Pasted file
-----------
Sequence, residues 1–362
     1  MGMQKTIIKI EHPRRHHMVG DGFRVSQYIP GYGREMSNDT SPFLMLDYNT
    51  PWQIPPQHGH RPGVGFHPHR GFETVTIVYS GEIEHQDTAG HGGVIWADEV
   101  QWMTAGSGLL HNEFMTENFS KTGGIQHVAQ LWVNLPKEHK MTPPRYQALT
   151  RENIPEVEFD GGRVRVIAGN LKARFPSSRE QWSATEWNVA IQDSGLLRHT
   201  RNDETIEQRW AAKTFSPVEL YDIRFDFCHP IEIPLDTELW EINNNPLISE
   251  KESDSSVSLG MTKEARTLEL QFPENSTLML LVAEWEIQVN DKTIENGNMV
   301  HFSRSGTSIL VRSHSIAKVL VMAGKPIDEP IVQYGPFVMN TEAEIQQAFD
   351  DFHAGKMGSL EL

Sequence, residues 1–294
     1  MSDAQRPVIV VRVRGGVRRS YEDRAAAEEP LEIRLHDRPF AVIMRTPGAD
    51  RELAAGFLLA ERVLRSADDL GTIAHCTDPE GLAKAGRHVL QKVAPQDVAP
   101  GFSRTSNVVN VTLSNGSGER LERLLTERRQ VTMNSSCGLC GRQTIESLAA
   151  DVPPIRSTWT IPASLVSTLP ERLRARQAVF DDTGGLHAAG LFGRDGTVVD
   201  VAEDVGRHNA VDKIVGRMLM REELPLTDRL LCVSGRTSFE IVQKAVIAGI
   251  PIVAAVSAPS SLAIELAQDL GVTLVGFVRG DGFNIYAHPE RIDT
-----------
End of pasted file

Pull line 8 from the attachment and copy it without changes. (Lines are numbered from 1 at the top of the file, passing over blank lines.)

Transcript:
   301  HFSRSGTSIL VRSHSIAKVL VMAGKPIDEP IVQYGPFVMN TEAEIQQAFD